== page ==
The ability to produce ammonia for fertilizer from atmospheric nitrogen (i.e., the Haber-Bosch process) sparked the Green Revolution and sent crop yields soaring. But we know that this breakthrough came with ecological casualties. James McWilliams addressed the nutrient runoff problem in “Fertility Treatments” (Conservation, Spring 2013).
But another environmental side effect of industrial fertilizer is its huge energy footprint: two percent of the world’s energy is used for the high-temperature, high-pressure business of ammonia production. Now a team of chemists from George Washington University has devised a new method for producing ammonia, one without the heavy CO2 toll. (1)
With Haber-Bosch, hydrogen must be stripped from methane and then combined with nitrogen to produce ammonia, NH3. Taking a different approach, Stuart Licht and colleagues developed an electrochemical process in which nitrogen reacts directly with water to form ammonia—no methane step required. They created a reactor, a “one-pot medium” for ammonia synthesis, containing a molten hydroxide salt electrolyte and an iron oxide nanoparticle catalyst. Piping in steam, nitrogen, and an electric current, the apparatus split water, broke the N2 bonds, and reassembled them into ammonia. The researchers report that they achieved greater than 30 percent efficiency with their process (compared with less than one percent in other, similar attempts).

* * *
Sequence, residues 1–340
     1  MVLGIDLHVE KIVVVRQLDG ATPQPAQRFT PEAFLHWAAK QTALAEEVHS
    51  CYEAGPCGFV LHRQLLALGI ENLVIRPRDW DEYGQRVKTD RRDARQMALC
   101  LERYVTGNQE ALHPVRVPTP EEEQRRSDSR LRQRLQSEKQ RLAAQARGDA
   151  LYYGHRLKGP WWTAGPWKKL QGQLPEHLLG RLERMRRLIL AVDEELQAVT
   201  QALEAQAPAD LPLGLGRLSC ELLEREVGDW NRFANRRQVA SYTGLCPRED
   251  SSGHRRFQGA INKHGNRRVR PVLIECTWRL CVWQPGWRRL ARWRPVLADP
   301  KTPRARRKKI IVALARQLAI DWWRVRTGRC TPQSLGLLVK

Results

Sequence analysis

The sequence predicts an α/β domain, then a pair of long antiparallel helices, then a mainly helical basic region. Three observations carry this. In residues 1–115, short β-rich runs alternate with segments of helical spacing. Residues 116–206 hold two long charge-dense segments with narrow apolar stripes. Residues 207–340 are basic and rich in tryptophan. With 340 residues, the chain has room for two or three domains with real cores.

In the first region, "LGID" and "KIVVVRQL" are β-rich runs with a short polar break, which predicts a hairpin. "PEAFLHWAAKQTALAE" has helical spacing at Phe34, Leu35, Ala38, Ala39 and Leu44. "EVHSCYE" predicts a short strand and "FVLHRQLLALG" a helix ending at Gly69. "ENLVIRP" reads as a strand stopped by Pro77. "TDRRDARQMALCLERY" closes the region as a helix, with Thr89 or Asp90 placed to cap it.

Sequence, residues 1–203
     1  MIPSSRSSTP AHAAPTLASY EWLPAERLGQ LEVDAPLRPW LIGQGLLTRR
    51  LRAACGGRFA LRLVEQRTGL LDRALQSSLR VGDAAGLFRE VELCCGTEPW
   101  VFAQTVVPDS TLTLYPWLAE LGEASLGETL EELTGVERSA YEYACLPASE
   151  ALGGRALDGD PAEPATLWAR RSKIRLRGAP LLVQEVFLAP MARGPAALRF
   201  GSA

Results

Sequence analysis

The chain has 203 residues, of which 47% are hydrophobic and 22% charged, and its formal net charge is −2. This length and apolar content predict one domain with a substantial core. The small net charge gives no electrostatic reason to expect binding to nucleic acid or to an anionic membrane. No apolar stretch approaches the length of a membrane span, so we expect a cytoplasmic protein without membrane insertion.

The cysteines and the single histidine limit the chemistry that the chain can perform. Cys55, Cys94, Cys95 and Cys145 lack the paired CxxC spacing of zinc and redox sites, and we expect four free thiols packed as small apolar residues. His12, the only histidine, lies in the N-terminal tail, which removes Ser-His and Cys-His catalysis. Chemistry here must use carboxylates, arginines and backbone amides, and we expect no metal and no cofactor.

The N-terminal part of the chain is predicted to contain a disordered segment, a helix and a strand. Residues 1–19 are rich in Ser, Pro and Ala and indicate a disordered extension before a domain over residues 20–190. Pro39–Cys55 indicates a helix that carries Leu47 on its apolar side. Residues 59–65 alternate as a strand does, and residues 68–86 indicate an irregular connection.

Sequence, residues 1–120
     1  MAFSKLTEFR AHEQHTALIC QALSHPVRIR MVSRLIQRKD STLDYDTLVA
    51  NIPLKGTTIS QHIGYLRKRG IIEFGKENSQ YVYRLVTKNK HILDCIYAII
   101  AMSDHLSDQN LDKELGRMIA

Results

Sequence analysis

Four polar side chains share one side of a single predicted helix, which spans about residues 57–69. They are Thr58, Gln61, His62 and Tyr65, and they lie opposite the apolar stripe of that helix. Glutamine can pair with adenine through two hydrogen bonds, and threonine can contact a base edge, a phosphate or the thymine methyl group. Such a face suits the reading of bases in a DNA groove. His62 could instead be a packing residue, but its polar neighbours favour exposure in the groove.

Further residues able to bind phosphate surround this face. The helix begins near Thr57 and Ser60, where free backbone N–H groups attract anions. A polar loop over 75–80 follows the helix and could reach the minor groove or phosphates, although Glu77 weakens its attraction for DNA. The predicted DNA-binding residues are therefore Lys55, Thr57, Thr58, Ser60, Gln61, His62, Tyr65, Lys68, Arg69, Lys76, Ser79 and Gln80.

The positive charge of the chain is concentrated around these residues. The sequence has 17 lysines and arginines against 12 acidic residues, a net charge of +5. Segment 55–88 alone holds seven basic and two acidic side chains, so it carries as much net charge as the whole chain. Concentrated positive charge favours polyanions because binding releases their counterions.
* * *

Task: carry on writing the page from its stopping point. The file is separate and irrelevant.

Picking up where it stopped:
1. Licht, S. et al. 2014. Science doi:10.1126/science.1254234.